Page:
This is the clean data that contains city column with correctly spelled city names. Now let’s have a look at the unclean data.
This table contains a City column containing many incorrect variations for the two cities. Each variation is assigned an ID to track its matching result in the ID column.
Fuzzy matching is performed in the query editor.
To perform fuzzy matching, you need to click on the Home Tab in the Ribbon Menu. The next step is to click on Merge Queries from the Combine section. As a result, a drop-down menu appears Now you will have to Click on Merge Queries as New and a pop-up menu appears.
A step-by-step guide to perform fuzzy matching can be found here:
The pop up menu that appears is the selection zone for tuning the fuzzy matching algorithm. Select Cities-CleanData in the first drop-down menu and click on the City Column. Then select Cities-UncleanData in the second drop-down menu and click on City Column. The next and most important step is to select the check box to Use fuzzy matching to perform merge.
Now you should expand the unclean data to include the tracking ID column and visually observe what happened behind the scene.
Notice that only 10 rows have been returned by the algorithm using the default parameters.
Exploring Fuzzy Merge options in Power BI
Power BI allows you to work with different fuzzy merge options. These options tune the criteria for the matching that the algorithm performs.
Let us look at the options that Power BI provides you to tune your matching algorithm.
This option allows you to choose the Range of unclean data that can be considered as true match. You can change the Matching Threshold from 0 to 1. With 0 being the value for lowest similarity and 1 being the closest match. If no threshold is set, Power BI uses 0.8 as the default value of threshold.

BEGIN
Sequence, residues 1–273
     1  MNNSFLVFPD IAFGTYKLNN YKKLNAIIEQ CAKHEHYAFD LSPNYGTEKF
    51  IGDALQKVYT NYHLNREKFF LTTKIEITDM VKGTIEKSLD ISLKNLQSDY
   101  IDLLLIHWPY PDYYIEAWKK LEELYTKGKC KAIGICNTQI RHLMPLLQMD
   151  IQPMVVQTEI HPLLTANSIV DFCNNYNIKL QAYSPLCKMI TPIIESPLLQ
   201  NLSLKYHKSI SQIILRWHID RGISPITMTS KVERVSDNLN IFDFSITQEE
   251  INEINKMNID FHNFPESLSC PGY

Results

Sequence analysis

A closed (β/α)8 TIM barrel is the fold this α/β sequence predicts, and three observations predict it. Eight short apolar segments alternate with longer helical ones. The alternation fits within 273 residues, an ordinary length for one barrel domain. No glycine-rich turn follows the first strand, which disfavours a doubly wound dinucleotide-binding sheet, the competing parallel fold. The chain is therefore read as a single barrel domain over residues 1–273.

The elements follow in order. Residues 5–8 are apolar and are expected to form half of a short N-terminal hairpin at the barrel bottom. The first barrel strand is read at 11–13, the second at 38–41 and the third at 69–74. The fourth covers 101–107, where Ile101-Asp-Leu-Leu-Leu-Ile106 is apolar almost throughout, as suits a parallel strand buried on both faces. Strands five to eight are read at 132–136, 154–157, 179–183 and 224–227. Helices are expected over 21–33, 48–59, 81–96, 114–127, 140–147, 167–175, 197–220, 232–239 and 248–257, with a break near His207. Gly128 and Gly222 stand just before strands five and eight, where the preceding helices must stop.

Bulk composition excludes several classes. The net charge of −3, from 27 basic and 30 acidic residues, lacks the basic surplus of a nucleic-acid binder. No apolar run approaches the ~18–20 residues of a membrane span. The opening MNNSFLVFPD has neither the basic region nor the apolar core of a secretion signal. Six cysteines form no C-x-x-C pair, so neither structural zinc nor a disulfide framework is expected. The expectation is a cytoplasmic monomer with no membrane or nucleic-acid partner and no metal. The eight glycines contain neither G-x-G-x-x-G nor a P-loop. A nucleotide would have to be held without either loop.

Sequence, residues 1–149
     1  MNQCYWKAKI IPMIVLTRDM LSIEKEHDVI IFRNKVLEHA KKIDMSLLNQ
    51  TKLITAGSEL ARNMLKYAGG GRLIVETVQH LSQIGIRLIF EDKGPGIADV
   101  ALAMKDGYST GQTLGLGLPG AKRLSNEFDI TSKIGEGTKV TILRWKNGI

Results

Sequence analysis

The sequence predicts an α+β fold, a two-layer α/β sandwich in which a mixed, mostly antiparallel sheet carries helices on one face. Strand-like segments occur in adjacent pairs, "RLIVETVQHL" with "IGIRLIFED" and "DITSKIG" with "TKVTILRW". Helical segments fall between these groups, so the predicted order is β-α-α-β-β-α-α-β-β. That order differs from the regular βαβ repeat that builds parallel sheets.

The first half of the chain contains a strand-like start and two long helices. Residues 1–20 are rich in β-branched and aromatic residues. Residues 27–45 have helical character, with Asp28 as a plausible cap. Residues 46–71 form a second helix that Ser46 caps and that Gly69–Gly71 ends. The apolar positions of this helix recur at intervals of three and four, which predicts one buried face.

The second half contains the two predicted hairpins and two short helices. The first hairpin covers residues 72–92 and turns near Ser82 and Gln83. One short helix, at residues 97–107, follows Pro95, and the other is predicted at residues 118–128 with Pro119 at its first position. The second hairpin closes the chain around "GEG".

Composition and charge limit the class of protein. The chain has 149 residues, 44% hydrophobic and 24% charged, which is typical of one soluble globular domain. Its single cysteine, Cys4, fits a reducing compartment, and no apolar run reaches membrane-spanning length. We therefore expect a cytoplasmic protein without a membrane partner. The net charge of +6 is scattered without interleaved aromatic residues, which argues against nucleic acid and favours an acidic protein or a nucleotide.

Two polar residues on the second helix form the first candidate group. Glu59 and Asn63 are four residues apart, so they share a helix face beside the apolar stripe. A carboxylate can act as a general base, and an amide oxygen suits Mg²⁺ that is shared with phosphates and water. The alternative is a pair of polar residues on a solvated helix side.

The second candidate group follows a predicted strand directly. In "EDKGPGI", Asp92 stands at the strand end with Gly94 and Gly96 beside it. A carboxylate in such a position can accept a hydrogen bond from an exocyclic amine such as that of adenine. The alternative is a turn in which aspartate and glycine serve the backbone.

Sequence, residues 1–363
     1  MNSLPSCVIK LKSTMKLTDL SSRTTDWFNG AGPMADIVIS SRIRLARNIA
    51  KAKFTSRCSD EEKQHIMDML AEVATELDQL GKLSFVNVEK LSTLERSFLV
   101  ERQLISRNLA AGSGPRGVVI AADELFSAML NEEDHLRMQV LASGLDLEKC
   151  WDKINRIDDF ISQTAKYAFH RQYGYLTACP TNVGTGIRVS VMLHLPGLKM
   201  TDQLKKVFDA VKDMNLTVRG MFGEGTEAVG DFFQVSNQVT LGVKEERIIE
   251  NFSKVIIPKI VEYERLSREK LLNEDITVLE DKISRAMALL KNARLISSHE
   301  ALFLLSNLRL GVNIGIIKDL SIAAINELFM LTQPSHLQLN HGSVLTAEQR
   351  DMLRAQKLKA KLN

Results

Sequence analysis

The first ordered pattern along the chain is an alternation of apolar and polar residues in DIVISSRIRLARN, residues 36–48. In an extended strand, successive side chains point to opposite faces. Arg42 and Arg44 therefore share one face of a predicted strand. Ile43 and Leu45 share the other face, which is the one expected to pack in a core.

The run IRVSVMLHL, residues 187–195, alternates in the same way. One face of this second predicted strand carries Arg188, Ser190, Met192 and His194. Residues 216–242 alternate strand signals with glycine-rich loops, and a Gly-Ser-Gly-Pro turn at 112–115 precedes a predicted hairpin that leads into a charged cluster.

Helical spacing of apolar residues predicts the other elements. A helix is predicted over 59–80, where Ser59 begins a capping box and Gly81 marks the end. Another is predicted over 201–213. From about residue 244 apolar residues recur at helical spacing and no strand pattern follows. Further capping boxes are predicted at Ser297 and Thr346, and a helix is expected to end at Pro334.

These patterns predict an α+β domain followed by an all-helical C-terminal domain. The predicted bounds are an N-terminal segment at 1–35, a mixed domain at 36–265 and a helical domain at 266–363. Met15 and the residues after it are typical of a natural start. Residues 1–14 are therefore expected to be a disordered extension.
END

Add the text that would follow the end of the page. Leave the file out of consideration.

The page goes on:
For a step-by-step guide click here: https://powerbitraining.com.au/changing-similarity-threshold-in-fuzzy-matching/
Using a threshold value of 0, we get all the rows in the result. This means that a threshold value of 0 does not takes into account strict matching rules.
Notice the values in the Cities_UncleanData.ID field. They describe the results of fuzzy matching. The value at the third position in the unclean data matched the most and so it was returned as first match.
The results however do not show any match for Perth or Adelaide.
This option is used for String Matching where case sensitivity is not required. Using this option sydney and SYDNEY will be considered as similar. Here’s a step-by-step guide to help you through
Notice that only 11 rows have been returned and the case sensitivity has been ignored when the fuzzy matching is performed.
Using this option, both the parts of the word are considered while the algorithm looks for a match. Using this option, Sydney and Si dney will be considered similar.
Click on this for a complete guide: https://powerbitraining.com.au/match-by-combining-parts-in-fuzzy-matching/
Using this option, a bi-gram contains two parts for a single word.
As an example let’s look at the second row with ID:2, Sydney was entered as “Sy dney” which has a space which divides the word into two parts.
Where did Perth and Adelaide go?
Did you notice that Perth and Adelaide were not returned as a part of results? This might seem tricky at first but did we have these in the unclean data? The answer is no. This shows how Power BI cleans the data based on the target values.
Transformation tables act as Mapping Tables for the algorithm when the dataset under consideration is highly dissimilar.
Transformation tables consist of a ‘To’ and a ‘From’ field which define how the matching is performed between highly dissimilar data sets. Transformation tables are used to define mapping rules. Transformation tables are designed to bridge the gap between datasets which cannot be matched using simple fuzzy matching. They are broadly used as abbreviation tables.
These tables need to be designed. They act as a template for fuzzy matching algorithm. The algorithm performs self-learning on the table and produces similar results.
Transformation tables are suited for datasets that have been built without any naming rules or their predicted inputs have not been defined.
For a step by step guide: https://powerbitraining.com.au/using-transformation-table-in-fuzzy-matching-in-power-bi/
For simplicity, we created a single row transformation table in this blog:
The results show that this table is used as template:
Notice that Syd is added to the results.
Fuzzy matching is an algorithm used to join data sets that are slightly similar. It comes with different fuzzy matching options which can be tuned to fix the matching criteria. The good news is; we have developed a complete archive on the Fuzzy matching which contains detailed step by step blogs to help you learn this topic properly. Here’s the link:
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